1. It is true that there is here a showing of neglect, but [1, 2] that is the very purpose of the affidavits filed. The relief which the court is authorized to grant is predicated upon the neglect of the movant, coupled with a showing of facts and circumstances which will reasonably excuse his negligent act or omission. (Sec. 9187, Rev. Codes 1921; Greene v. Montana Brewing Co., 32 Mont. 102, 79 P. 693.) The sufficiency of this showing in any case must depend upon the particular facts and circumstances of such case, as "no two cases will be found which present the same circumstances for consideration." ( Brothers v. Brothers, 71 Mont. 378, 230 P. 60, and cases cited.) The determination of the question rests within the sound legal discretion of the trial court ( Eder v. Bereolos, 63 Mont. 363, 207 P. 471; Robinson v. Petersen, 63 Mont. 247, 206 P. 1092; Delaney v. Cook, 59 Mont. 92, 195 P. 833), and its action will only be reversed on appeal on a showing of manifest abuse of that discretion ( Bowen v. Webb, 34 Mont. 61, 85 P. 739; Swilling v. Cottonwood Land Co., 44 Mont. 339, 119 P. 1102).
However, since "it is the policy of the law to have every  litigated case tried on its merits," judgments by default are not favored. ( Lovejoy v. Stutsman, 46 Okla. 122, 148 P. 175; Berri v. Rogero, 168 Cal. 736, 145 P. 95; McGinnis v. Beatty, 28 Wyo. 328, 204 P. 340; Greene v. Montana Brewing Co., supra; Brothers v. Brothers, supra.) In furtherance of justice, trial courts should, in applying the above statute to a given case, maintain and exercise that liberal spirit which prompted the legislature to grant them this discretionary power, and, while this court will disturb the action of a trial court in opening default only in exceptional cases, "no great abuse of discretion by the trial court in refusing to set aside a default need be shown to warrant a reversal." ( Brothers v. Brothers, supra; Eder v. Bereolos, supra; Nash v. Treat, 45 Mont. 250, Ann. Cas. 1913E, 751, 122 P. 745.) It is therefore apparent that an abuse of discretion may be made "manifest" in a case where the court has refused to open a default, by a showing which would not be so considered in a case wherein the court has granted such a motion.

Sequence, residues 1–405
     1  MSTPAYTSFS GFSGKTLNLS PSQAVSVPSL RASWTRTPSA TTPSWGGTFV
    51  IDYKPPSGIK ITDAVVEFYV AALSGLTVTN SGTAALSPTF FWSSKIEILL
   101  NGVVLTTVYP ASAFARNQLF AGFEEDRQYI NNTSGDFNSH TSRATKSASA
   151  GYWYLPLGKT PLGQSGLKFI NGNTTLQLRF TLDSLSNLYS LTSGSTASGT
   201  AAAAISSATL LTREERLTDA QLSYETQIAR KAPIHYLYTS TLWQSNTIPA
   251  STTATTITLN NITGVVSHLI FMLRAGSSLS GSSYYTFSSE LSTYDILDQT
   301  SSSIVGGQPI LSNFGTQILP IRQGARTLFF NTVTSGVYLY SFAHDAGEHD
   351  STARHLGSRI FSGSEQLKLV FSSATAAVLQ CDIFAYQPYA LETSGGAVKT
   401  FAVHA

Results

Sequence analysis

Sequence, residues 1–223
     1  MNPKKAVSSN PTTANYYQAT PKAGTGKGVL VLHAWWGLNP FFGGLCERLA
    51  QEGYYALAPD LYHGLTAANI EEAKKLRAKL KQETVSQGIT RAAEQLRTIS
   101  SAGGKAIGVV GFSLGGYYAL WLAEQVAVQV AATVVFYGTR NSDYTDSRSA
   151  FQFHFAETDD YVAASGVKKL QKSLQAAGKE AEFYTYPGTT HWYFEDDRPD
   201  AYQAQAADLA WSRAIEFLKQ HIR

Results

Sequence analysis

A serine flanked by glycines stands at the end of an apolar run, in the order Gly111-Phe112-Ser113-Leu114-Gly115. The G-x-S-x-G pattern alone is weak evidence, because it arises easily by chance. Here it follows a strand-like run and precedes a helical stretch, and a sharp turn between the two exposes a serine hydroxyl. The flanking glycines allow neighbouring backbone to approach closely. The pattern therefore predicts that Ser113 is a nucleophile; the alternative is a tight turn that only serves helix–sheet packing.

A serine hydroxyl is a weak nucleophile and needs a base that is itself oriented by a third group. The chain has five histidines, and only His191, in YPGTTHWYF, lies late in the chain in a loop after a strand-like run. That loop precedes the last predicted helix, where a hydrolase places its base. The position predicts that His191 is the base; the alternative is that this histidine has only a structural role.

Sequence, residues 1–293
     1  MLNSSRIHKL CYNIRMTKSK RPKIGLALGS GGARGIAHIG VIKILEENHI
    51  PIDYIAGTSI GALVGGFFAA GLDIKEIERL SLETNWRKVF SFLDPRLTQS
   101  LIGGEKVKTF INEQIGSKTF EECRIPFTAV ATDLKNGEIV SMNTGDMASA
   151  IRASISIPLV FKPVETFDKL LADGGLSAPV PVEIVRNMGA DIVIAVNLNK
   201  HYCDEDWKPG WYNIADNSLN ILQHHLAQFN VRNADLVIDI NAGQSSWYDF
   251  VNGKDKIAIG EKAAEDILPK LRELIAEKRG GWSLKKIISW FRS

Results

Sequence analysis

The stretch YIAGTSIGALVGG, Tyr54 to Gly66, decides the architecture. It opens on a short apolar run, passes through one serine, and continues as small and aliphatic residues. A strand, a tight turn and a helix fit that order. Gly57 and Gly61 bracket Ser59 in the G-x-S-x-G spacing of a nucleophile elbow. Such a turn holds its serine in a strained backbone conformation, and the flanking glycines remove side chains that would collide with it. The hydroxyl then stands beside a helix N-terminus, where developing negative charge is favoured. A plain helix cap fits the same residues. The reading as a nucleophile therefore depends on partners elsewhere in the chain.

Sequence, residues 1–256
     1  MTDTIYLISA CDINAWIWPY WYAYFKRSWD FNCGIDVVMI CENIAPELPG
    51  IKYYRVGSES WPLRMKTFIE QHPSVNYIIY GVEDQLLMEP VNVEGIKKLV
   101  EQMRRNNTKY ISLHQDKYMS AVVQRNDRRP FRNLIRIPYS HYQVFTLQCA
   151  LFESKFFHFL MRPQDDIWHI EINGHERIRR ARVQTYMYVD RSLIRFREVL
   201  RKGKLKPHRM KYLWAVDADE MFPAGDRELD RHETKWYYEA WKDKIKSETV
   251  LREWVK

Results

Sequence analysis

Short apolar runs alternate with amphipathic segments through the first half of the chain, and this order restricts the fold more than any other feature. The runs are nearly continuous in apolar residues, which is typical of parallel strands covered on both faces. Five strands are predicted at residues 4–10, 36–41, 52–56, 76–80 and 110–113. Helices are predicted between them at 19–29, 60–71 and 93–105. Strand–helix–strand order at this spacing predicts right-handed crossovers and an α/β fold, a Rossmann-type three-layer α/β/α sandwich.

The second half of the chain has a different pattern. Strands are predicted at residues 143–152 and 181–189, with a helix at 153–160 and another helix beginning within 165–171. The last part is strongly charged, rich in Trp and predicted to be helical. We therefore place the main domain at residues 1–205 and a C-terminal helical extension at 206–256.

2. With these rules in mind, we will take up the alleged acts of neglect attributable to the defendant. These are so interwoven one with the other that, while one certain act might, if standing alone, be inexcusable, they must be considered as a chain of circumstances and a conclusion reached by a consideration of the entire chain.
(a) Neglect is attributed to the designated agent, Wood, in  failing to mail the papers served upon him direct to the defendant rather than to the attorney he had theretofore known as the general counsel of the company. In this Wood followed a well-established custom among lawyers everywhere, and a practice he had invariably followed theretofore. He had no reason to believe that, in this instance, the matter would not receive attention, at least as expeditiously, by this manner of transmission as though mailed direct, and his act of neglect would not have resulted in a default, had it not been for other circumstances shown.
(b) The officers of the defendant company were negligent in failing to advise Wood of the change in the personnel of its legal department, and it was their negligence which induced Wood to mail the papers to Peek; but this failure was but a link in the chain of circumstances which finally caused the entry of default, and there is nothing in the record to cause those officers nor anyone else to believe that a reputable attorney who had theretofore been acting for the corporation would, if papers from a distant state came into his hands, fail to promptly turn them over to his successor or some competent officer of the company.
(c) This brings us to Green's neglect and its connection with the foregoing.
It is contended by plaintiff's counsel that, as it required but four days for the transmission of a letter from Billings, Montana, to Tulsa, Oklahoma, the papers transmitted by Wood were in the hands of Peek on the 12th of September, and that the showing made that they did not come into the hands of Green until the 28th does not negative a delivery by Peek to some authorized agent of the defendant company, and that, as no affidavit was secured from Peek, it must be presumed that, if obtained, Peek's affidavit would be adverse to defendant or would contradict Green's statement; that it must therefore be presumed that these papers were in the possession of defendant on or about September 12 or 13; and that defendant's position would be the same then as though personal service had been made on Green before he left the state. It is further contended that Green's affidavit of neglect by reason of pressing business which absorbed all of his time and gave him no opportunity to consider this case is impeached by his letters contained in the counter-affidavits, and that, under these circumstances, Green's delay to take action until the 28th constitutes inexcusable neglect.